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March 23, 2012

Soybean Prices in Brazil Reach near Record Levels

The combination of strong commodity prices and a weaker Brazilian currency is very good news for Brazilian soybean farmers. As a result, Brazilian farmers are able to sell their 2011/12 soybean production at near record high prices. Soybean prices are strong due to lower production in South America and concerns that U.S. farmers are going to significantly increase corn acreage at the expense of needed soybean acreage. The Brazilian currency is weakening due to the Brazilian's government concern that a strong currency is hurting Brazilian manufacturers and agricultural exports.

In the interior of the state of Parana, soybeans are being sold for R$ 50 per sack of 60 kilograms (approximately US$ 12.62 per bushel using an exchange rate of 1.8 Brazilian reals per dollar). At the Port of Paranagua, soybeans are being negotiated for R$ 56 per sack (US$ 14.15 per bushel). This is approximately 16% higher than the prices at the start of January, which were R$ 47 per sack.

As a result, farmers in Brazil are quickly taking advantage of these near record high prices and they have already sold between 50 to 60% of their 2011/12 soybean production.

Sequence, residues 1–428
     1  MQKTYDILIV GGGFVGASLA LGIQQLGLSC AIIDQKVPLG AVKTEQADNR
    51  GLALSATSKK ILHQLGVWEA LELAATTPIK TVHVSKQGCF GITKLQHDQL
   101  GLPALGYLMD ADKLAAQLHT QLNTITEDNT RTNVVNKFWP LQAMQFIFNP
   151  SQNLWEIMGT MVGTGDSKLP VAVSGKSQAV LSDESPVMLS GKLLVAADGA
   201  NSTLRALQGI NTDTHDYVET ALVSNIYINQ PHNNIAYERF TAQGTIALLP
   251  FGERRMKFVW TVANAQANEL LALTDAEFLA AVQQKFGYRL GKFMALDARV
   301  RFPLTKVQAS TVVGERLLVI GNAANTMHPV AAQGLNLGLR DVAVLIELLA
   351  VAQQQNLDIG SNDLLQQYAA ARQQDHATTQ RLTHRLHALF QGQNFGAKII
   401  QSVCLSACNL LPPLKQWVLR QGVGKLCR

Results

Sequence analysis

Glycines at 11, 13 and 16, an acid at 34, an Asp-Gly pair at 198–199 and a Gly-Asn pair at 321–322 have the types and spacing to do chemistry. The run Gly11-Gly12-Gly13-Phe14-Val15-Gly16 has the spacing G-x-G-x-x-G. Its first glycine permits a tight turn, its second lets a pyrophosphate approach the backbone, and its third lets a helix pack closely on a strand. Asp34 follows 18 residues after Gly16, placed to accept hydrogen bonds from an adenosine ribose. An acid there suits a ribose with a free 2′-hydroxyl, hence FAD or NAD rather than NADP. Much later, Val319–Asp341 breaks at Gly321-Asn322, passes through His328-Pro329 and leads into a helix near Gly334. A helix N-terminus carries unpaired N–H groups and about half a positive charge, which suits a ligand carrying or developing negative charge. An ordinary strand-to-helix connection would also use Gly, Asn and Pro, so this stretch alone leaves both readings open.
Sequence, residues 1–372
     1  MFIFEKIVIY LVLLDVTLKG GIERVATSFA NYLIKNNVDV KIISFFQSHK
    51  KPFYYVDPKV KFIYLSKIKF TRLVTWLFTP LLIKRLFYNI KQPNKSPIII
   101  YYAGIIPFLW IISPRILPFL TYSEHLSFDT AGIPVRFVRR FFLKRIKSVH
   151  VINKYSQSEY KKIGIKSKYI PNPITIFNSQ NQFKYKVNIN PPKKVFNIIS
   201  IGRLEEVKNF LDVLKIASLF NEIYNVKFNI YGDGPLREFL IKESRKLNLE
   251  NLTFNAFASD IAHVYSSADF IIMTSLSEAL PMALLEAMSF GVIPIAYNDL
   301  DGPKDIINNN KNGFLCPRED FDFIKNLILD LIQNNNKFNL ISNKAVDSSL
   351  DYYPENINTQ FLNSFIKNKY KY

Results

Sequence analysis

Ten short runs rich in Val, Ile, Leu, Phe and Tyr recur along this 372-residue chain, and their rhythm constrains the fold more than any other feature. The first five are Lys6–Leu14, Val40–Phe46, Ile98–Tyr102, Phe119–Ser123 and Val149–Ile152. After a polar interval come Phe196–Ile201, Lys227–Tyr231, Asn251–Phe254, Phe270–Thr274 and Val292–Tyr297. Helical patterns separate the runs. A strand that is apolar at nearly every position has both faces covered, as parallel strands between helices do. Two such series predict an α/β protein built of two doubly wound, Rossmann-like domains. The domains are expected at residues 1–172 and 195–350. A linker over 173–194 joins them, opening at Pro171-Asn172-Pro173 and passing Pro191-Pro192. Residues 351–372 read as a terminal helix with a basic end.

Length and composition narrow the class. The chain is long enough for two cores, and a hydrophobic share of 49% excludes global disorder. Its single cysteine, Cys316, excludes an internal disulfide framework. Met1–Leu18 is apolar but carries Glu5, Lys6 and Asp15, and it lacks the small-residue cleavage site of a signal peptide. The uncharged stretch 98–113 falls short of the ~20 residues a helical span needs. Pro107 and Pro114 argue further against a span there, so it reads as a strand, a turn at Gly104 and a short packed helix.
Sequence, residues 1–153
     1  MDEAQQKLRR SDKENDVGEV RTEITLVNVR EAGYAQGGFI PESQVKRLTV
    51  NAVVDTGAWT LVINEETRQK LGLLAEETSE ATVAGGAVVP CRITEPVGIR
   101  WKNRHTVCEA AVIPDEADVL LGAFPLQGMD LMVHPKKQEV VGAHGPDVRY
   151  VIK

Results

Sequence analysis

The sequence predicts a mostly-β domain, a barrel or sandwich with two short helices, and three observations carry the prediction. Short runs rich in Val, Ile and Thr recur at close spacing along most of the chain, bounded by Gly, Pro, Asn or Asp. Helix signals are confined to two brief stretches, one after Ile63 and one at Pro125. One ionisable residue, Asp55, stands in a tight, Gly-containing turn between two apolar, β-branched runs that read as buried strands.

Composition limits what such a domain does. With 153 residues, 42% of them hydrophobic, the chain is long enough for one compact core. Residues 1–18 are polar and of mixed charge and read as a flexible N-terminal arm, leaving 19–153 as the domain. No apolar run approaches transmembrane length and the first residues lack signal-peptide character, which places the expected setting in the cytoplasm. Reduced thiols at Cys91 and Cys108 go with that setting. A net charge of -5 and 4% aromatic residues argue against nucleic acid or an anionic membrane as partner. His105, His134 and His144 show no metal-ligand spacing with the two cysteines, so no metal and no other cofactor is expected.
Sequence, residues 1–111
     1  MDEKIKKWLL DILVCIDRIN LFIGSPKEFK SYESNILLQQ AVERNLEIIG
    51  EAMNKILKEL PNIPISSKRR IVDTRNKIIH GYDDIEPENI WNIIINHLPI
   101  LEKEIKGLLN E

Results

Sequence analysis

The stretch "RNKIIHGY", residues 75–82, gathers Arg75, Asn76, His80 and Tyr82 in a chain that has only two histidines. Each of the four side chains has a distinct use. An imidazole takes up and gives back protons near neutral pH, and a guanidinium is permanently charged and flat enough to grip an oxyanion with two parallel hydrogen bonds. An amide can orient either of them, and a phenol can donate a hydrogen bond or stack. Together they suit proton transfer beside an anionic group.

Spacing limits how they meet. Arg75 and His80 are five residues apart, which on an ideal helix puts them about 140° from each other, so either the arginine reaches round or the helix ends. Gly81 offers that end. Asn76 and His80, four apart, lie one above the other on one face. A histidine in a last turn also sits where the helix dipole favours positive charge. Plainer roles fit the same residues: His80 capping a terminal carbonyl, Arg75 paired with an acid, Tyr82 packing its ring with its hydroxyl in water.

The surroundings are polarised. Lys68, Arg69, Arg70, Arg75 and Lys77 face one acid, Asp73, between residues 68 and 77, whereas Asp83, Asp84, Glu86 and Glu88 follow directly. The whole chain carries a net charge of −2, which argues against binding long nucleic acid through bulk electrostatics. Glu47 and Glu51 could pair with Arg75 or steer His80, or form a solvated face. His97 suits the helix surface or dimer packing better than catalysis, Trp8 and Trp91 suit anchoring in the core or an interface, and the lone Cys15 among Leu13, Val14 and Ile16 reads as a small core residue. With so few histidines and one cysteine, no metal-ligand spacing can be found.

The weakening of the Brazilian currency is exactly what Brazilian farmers have been asking for because a weaker currency makes their products more competitive in the world market and it acts the same as a price increase for the farmers. Soybeans are priced in dollars and as the Brazilian real gets weaker compared to the dollar, farmers are paid more in reals for every sack of soybeans they sell.

While this is good news for farmers in Brazil, unfortunately many farmers in southern Brazil have much less soybeans to sell due to the severe drought that negatively impacted their 2011/12 soybean production. In central Brazil, where the soybean yields were relatively good, farmers will come out of this growing season very well capitalized.

The good fortunes of the farmers in central and northeastern Brazil will be important as they start planning over the next few months for their 2012/13 growing season. It is these farmers in central and northeastern Brazil that have been expanding their soybean production in recent years. Farmers in southern Brazil actually reduced their soybean acreage in 2011/12 in favor of additional corn acreage.

Brazilian soybean farmers will be looking at three important factors as they begin planning for 2012/13 including: a continued weaker domestic currency compared to the dollar, U.S. soybean acreage, and the weather during the U.S. growing season. Any one or all three of these factors could result in continued strong domestic prices for soybeans in Brazil. Under the current scenario, it is estimated that Brazilian soybean producers will increase their 2012/13 soybean acreage by 3-4%. If the weather during the 2012/13 growing season cooperates, it is entirely possible that the 2012/13 Brazilian soybean production could be 9-10 million tons larger than the disappointing 2011/12 crop.